Online merchants could soon offer consumers discounts based on the level of confidence they have that shoppers are who they say they are, transactional steward Australian payments Network says.
In a note on managing fraud in the digital economy, the industry group - which counts banks, card schemes and payments services providers as its members - has flagged a premium on the level of confidence and ease of verification for online transactors.
“The next evolution may see a greater level of automated purchases through consumer devices based on a combination of artificial intelligence for purchasing and biometrics for authorisation (such as voice, face and thumbprint),” Lucy Anderson, Head of Payments Innovation at AusPayNet said on Monday.
“We may also see the introduction of merchant discounts that purposefully reward “known” customers, i.e. where merchants have more confidence about who they are selling to.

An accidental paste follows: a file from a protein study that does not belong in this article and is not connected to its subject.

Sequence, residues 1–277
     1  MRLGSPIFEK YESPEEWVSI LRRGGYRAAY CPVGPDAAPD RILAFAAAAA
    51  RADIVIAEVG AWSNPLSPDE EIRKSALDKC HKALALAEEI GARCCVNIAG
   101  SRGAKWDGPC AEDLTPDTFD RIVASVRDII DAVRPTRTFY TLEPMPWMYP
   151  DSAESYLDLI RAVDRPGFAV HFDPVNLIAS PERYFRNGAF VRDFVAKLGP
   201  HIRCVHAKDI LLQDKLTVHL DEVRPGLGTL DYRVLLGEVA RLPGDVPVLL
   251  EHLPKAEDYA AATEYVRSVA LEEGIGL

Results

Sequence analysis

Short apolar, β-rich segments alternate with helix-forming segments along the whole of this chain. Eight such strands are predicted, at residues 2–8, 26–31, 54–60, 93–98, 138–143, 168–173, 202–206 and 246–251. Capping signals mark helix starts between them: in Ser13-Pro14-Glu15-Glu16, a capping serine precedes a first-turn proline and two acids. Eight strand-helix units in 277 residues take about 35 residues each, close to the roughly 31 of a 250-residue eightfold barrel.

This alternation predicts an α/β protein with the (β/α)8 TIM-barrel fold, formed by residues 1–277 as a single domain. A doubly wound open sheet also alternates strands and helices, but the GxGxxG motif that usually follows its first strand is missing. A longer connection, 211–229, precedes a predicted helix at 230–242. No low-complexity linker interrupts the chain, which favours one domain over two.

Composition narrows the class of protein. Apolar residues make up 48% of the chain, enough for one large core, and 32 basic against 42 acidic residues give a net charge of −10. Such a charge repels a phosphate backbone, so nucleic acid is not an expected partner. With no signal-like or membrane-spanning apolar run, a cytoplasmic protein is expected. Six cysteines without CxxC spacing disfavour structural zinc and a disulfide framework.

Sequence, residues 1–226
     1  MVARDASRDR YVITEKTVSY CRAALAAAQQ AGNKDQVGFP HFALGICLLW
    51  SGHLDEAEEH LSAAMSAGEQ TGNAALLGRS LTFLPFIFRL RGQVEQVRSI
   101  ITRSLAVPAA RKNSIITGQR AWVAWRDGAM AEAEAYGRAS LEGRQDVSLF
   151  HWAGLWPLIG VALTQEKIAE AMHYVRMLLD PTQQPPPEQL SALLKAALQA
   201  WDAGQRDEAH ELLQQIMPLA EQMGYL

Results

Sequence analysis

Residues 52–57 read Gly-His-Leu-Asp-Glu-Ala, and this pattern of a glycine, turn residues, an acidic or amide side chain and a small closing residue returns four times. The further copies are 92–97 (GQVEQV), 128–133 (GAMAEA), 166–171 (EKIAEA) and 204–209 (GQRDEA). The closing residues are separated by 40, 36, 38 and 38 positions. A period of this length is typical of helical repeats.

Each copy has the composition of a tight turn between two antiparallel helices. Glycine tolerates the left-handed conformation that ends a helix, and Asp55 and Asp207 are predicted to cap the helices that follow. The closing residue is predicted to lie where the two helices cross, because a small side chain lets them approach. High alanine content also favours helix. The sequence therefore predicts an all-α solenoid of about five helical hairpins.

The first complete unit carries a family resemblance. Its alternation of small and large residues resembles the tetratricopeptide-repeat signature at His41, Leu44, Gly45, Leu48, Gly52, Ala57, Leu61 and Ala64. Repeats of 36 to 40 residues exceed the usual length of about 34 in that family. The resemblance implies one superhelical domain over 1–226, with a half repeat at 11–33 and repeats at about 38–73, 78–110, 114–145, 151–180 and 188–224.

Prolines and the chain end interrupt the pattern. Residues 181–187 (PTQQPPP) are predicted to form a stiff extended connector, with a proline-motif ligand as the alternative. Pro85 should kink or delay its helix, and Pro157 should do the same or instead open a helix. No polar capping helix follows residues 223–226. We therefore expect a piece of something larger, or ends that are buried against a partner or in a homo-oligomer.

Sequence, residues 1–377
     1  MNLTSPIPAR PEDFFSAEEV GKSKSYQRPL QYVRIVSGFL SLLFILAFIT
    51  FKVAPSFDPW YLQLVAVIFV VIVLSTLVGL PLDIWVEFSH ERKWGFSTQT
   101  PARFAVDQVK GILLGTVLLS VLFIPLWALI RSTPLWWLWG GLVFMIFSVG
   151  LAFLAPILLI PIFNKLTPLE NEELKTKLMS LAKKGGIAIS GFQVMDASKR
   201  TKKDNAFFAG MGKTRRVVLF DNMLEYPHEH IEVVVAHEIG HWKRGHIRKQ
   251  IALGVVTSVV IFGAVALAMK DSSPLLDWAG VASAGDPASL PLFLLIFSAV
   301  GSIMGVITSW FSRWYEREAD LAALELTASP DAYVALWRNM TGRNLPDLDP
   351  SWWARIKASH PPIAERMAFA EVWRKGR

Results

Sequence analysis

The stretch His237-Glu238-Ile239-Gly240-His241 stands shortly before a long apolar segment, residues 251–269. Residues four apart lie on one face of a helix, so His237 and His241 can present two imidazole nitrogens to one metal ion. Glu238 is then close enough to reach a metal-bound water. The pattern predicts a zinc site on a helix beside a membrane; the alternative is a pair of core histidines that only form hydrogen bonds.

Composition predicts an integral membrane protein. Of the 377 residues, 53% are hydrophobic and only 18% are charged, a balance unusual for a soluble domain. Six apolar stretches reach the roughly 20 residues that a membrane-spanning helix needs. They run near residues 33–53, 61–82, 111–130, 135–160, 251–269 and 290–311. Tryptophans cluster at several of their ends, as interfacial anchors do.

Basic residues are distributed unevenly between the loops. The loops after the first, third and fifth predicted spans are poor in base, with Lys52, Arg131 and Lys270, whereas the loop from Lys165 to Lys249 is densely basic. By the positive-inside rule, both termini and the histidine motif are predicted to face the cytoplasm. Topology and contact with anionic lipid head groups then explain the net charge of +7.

"So with a 10 [percent] discount, that drone I’ve had my eye on for a while now becomes that little bit more attainable.”
While the depth of the authentication discount in the razor-thin margin payments is unlikely to hit anywhere near double digit percentage points, what it does reveal is a push towards dynamic pricing of transactions based on customer risk scoring that rewards ‘known knowns’.
What’s less clear is where that will leave online customers who place a premium on anonymity and don’t want anything but the bare minimum their details captured by merchants.
Just who wears the liability for online payments fraud has progressively increased as a bone of contention between merchants, financial institutions, consumers and regulators as transactions increasingly default to a digital footing.
The Reserve Bank of Australia has increasingly started to agitate for greater adoption of PKI-based digital identity credentials as a way to reduce online fraud levels over the traditional use of credit and debit card numbers as a payment means.